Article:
The world is very connected now. Not just in the digital sense, but also in the physical sense. Someone boarding a plane right now in Cheyenne, Wyoming could be in Kuala Lumpur in under 30 hours. Looking around at the other passengers boarding, our traveller departing Wyoming may see many folks leaving for holidays, with more travelling for work. Some of those people, though, would be travelling on one way tickets, uprooting themselves and moving around the globe for a new life. The International Organisation for Migration estimates that over 3% of the world’s population are migrants, 214 million people living in countries not their own.
Global Souls are voluntary migrants, not forced to leave by strife, disaster or economic imperative. “A person like me can’t really call himself an exile (who traditionally looked back to a home now lost), or an expatriate (who’s generally posted abroad for a living); I’m not really a nomad (whose patterns are guided by the seasons and tradition); and I’ve never been subject to the refugee’s violent disruptions,” explains Iyer in his book, The Global Soul: Jet-Lag, Shopping Malls and The Search for Home. The people, who are “best characterized by the fact of falling between all categories,” Iyer calls Global Souls.
Pico Iyer is a man without a home, Indian by descent, British by birth, spending time jetting between England and California as a boy and living in Japan. In India, where he looks like the locals, he can’t speak the language. In England, where he sounds like a local, he looks foreign. In Japan, where he lives, he doesn’t fit in at all. “The only home that any Global Soul can find these days is, it seems, in the midst of the alien and the indecipherable,” Iyer says.
To examine these Global Souls, Iyer sets out on a jet setting trip across the world. Forced out of his parent’s California home by a forest fire, Iyer comes across a family of Mexican migrants, living unseen in an upper-middle class neighbourhood of Los Angeles. The contrast between the journey and experience of the family of economic migrants and Iyer’s own migrant journey sets the stage to explain the Global Soul.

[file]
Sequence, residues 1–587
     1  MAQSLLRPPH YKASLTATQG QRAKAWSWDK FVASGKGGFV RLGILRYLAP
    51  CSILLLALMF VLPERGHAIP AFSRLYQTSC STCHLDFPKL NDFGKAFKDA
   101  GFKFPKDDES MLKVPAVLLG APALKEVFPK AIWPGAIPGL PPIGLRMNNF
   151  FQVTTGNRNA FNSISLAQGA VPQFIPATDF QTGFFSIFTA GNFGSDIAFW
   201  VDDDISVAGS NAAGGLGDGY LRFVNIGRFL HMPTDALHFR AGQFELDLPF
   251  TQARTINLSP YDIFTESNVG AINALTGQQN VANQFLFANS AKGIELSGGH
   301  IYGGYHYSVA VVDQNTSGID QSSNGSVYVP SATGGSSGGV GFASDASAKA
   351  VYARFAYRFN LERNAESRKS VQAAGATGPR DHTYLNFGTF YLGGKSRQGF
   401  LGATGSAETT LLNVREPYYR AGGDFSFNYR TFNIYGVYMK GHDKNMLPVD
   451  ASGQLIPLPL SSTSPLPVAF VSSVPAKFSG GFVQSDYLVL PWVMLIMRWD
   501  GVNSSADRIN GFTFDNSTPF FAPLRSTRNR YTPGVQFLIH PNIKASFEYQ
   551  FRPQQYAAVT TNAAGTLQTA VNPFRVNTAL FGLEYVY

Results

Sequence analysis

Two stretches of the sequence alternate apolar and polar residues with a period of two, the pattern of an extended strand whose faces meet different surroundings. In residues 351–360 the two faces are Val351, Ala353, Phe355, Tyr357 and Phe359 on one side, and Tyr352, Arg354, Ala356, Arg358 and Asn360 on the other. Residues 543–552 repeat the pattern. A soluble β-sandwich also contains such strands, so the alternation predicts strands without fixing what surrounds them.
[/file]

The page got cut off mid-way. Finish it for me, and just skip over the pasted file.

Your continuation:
From there, Iyer globe hops, examining the lives of Global Souls like himself. A Chapter on Los Angeles International Airport (LAX) looks at the moment of transition, and the hopes and dreams those migrating have of their new home. Hong Kong sets the stage for an examination of what this merging and mixing of cultures is doing to our sense of place and sense of self. Toronto, my former home and a city that prides itself on being multicultural, allows Iyer to question our sense of national identity. I found myself reflected in many of the people that Iyer meets along these chapters. They are people who are displaced, but somehow find some comfort in that displacement. Like fuzzy signals on a slightly mistuned radio, Global Souls are comfortable in being slightly out of tune with their surroundings.
A chapter on Atlanta, home to global brands Coca-Cola and CNN, allows Iyer to examine what global culture means. This is where the ten year old book starts to feel dated. Written in the late 1990s and published in 2000, I couldn’t help but feel that so much has happened since then to change our view of the wider world. Written before the 1999 Seattle WTO protests, which marked the mainstream awareness of the growing anti-globalisation movement, a movement further strengthened by the recession of 2008 to the present, I wondered what the Global Soul would make of the international brands now. What impact did September 11th, and the follow on wars in Afghanistan and Iraq have on voluntary migrants views of the world, or even the experience of LAX? Technology plays a big part in the lives of many of the Global Souls in the book, allowing them to live abroad but stay connected. However, much of the tech seems positively quaint now, and I couldn’t help but wonder if high speed internet, special interest forums and social media were making us more globally connected or less. Does living in another country, but still interacting daily with your friends back in your home country make us more globally minded, or just physically distance but still locally connected? Though the chapter seems dated, at least it does raise some interesting questions to contemplate.
Iyer returns to his place of birth, England, to examine the immigrant experience there. Can a migrant, or even second and third generation immigrants, ever fit in, or are their forever doomed to feel somewhat displaced. Finally Iyer examines his own place of residence, a rural village in Japan. The final two chapters, where Iyer examines his birth home of England and current home of Japan are unfocused, and the head of steam that the book had gained in the early chapters, with observations building upon each other, seems to disperse without resolution.
However, the early chapters contain more than enough to get a Global Soul thinking about their existence, and those that live abroad or enjoy being in the company the foreign should find some interesting personal insights in the book. It could be the perfect book to keep a new migrant occupied on a flight from Cheyenne to Kuala Lumpur.
Find this book on Amazon: The Global Soul: Jet-Lag, Shopping Malls and the Search for Home